Skip to the good stuff (aka, How to write a query letter)

Okay, really, I should have titled this post, “How I wrote a query letter.” Because I’m not an expert on writing queries. You can find fantastic advice at Query Shark or Evil Editor, or even on some writer sites like Absolute Write. Many, many agents have done posts on writing the perfect query letter (like Nathan Bransford). Start there, then come back here.

But I also know that it’s tremendously helpful to read queries that worked (i.e., got requests), and I’ll try to break down what I think worked and where I could have improved.

I’m going to lead off with my first novel, Wicked Sensibility. The novel never made it to representation, but I got a lot of requests based on my query letter. Here it is, in its unedited glory. (Oh, all right, I did change the characters’ names.)

Dear Ms. Agent:
I am currently seeking representation for my novel, WICKED SENSIBILITY, an urban fantasy with romantic elements, complete at 125,000 words. I found you via AgentQuery, and after reading a few of your guest blog appearances, I think you sound like a lot of fun! After seeing the types of novels you like to read, I think this may be a good fit for your list. I hope you feel the same. 
Still single at twenty-seven, Allison is starting to think strong and independent are code words for lonely. That is, until she meets Sam and his brothers. Finding romance with Sam means learning his family’s secrets–and learning that she is one of the few humans with whom they can share their hidden powers: the ability to manipulate emotion through touch. 

Not everyone is happy with their relationship. As the youngest, Sam is struggling for independence while wanting to remain loyal to his family. After living undetected among humans for centuries, his brothers are wary of an outsider knowing the truth, and they sure aren’t subtle about it.  But when a powerful adversary starts attacking them in a bid for their territory, the brothers must put their differences aside just to stay alive.

When their attacker turns his sights on her, Allison finds herself fighting for her life with powers she doesn’t yet understand. But emotions are tricky things, especially when others can alter them. When the real reason behind the attacks is revealed, Allison discovers that maybe she doesn’t know the truth about Sam at all. With her life at stake, she’ll be forced to make some hard decisions about who can be trusted, who’s really in danger, and who the true villain is.

WICKED SENSIBILITY is my first novel. (Well, the first one fit for public viewing.) The full manuscript is available upon request. I have attached the first few pages for your review, as per your requirements on AgentQuery. 

Thank you for your time. I look forward to hearing from you.

Okay, so the word count was a killer. This was three years ago, and I’ve learned a lot since then. But the core elements in the query still work.

Here are some of my recommendations for query-writing. (And remember, I’m just a writer. I’m not an agent, and I’m not an editor. Individual results may vary. Do not use this product while driving. May cause drowsiness. Consult a physician if you have an erection lasting more than four…oh, wait.)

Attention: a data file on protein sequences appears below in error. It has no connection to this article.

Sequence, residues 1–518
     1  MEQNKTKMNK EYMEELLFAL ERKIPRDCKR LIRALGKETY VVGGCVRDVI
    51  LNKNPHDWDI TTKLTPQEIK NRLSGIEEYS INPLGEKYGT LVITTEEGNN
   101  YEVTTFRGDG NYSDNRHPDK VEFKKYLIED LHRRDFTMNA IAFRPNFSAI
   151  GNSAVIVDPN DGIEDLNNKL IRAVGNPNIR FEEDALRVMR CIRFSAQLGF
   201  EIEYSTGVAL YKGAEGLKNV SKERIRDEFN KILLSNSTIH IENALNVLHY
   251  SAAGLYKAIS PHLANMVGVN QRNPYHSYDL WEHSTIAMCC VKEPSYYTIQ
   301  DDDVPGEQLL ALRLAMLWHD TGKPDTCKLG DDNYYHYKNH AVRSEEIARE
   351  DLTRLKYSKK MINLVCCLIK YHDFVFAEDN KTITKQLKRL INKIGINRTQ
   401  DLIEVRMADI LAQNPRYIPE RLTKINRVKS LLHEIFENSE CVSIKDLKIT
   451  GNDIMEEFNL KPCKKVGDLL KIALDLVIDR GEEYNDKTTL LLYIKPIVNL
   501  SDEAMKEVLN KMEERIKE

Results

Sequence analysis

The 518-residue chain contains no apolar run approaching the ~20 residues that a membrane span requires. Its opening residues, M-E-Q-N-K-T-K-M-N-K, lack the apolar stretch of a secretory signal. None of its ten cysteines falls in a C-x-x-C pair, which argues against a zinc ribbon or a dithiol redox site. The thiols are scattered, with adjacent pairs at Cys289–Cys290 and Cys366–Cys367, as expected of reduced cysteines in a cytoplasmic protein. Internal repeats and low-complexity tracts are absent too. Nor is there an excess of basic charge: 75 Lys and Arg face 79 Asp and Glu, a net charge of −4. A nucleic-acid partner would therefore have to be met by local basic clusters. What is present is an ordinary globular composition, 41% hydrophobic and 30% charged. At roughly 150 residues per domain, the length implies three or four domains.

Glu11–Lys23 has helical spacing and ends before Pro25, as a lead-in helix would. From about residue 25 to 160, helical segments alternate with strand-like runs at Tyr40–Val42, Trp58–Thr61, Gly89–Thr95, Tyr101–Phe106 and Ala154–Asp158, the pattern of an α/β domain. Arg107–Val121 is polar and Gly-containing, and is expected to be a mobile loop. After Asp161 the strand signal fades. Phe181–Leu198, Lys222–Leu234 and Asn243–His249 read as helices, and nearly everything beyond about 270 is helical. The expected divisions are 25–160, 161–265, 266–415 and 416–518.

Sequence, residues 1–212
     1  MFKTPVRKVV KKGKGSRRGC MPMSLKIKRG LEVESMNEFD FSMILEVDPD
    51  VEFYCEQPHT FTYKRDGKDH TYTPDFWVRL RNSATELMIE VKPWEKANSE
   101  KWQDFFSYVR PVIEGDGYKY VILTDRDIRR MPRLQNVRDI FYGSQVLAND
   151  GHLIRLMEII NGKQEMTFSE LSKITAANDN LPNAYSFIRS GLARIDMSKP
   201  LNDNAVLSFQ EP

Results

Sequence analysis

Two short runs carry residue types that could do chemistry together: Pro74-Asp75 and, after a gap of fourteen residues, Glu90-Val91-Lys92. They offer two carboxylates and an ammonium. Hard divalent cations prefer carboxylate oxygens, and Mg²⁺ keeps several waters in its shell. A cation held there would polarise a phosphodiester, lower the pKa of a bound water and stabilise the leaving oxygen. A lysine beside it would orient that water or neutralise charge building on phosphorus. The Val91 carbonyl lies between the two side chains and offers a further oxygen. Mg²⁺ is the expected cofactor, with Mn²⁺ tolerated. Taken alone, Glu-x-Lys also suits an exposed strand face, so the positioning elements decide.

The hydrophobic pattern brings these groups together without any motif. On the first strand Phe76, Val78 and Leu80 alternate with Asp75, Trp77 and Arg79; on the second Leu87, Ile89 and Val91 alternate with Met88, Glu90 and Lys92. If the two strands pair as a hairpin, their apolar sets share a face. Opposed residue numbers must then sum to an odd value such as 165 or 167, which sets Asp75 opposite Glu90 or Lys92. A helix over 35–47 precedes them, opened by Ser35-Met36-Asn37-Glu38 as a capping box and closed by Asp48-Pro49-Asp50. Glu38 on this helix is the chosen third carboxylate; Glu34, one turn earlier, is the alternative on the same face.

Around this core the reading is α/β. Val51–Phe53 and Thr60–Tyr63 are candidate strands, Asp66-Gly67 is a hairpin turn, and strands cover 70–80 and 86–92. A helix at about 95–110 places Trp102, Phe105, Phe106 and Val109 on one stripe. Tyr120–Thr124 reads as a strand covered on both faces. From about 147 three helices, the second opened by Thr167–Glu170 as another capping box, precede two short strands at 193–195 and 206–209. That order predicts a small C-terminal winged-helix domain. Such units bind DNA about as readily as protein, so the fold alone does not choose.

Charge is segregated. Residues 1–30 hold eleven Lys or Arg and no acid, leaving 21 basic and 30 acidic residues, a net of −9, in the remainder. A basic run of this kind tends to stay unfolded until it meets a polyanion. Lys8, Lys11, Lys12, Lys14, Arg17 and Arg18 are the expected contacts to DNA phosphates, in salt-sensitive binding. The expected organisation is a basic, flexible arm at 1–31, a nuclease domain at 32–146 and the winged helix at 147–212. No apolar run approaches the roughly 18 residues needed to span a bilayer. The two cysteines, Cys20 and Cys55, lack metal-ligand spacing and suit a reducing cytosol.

1) Be yourself.

I’m a laid-back person. I also work in a professional, corporate atmosphere. I know how to be professional, yet also let a few shreds of personality shine through. While my first paragraph may be a bit chatty, I wasn’t afraid to be a bit friendly. Keep in mind, however, friendly does not equal stalker. I remember reading one agent’s blog on her birthday, and I almost said something about that in my query letter to her. (Like, “I hope you had a happy birthday!”) Then I realized that might make me sound like a freak hiding in the bushes with a bottle of chloroform and a wad of gauze. Err on the side of professional.

2) Don’t worry about getting every detail of your story into your query. 

The only goal of your query letter is to get the agent or editor to be interested in your story enough to read your pages. That’s IT. The query won’t sell your whole book for you. Pick the key points of your novel and go with those. Look at the query above: I clearly have a big cast of characters, but there are three main people in the query. Allison, Sam, and the mysterious villain.

3) Make sure you show the CONFLICT. (More about this in my post on plotting.)
That’s the core of your story. It’s a decision, a choice, a turning point. If there’s not a choice in your query, you’re probably missing the plot of your book. Look for words like “must” and “or.” If you’re missing those two words, chances are your query isn’t complete.

Ready for more? Here’s the next query, and this one garnered far more requests, and this book actually landed me an agent.

Dear Ms. Agent:
Twenty-five year old Sarah Parrish doesn’t know what’s more frightening: that there’s a swordsman killing people in downtown Baltimore—or that she’s the only one who sees him and his victims.
Talented musician Jack Smithson is the last person she should confide in: he has a frightening past, a razor sharp tongue, and enough anger to make Sarah wonder if she can trust him at all. He’s also the only person who believes her—and he should: his wife was killed by a vanishing swordsman five years ago.
Sarah falls hard for Jack, drawn by his fantastic talent and the wicked mystery surrounding his life. But then the swordsman comes for her—and instead of taking her life, he leaves her with a clear warning that the man she loves has been lying from the start. When Sarah’s mother and her best friend disappear—with clear signs that Jack was involved—Sarah has to decide who’s telling the truth, who’s lying, and who the real villain is.
ALWAYS MUSIC is an urban fantasy complete at 120,000 words. I have lived in Baltimore for my entire adult life, and the city’s vast history and rich culture have always made it seem like the type of place where gods would play.
Thank you for your time and consideration. The first pages have been pasted below for your review. I’d be delighted to send you sample chapters or the full manuscript at your request.

All right, so clearly I liked the “decision” line from my first query, because I used a variation here. I also tightened up the query and led off with the story, saving things like the title and word count for the end. (Don’t get excited when you see that I had this word count and still landed an agent. Tamar had me cut it down to 100,000 words before we started submitting to editors, and thank god she did. If you need some help cutting words, please see my posts on revisions. All three are in the sidebar to your right.)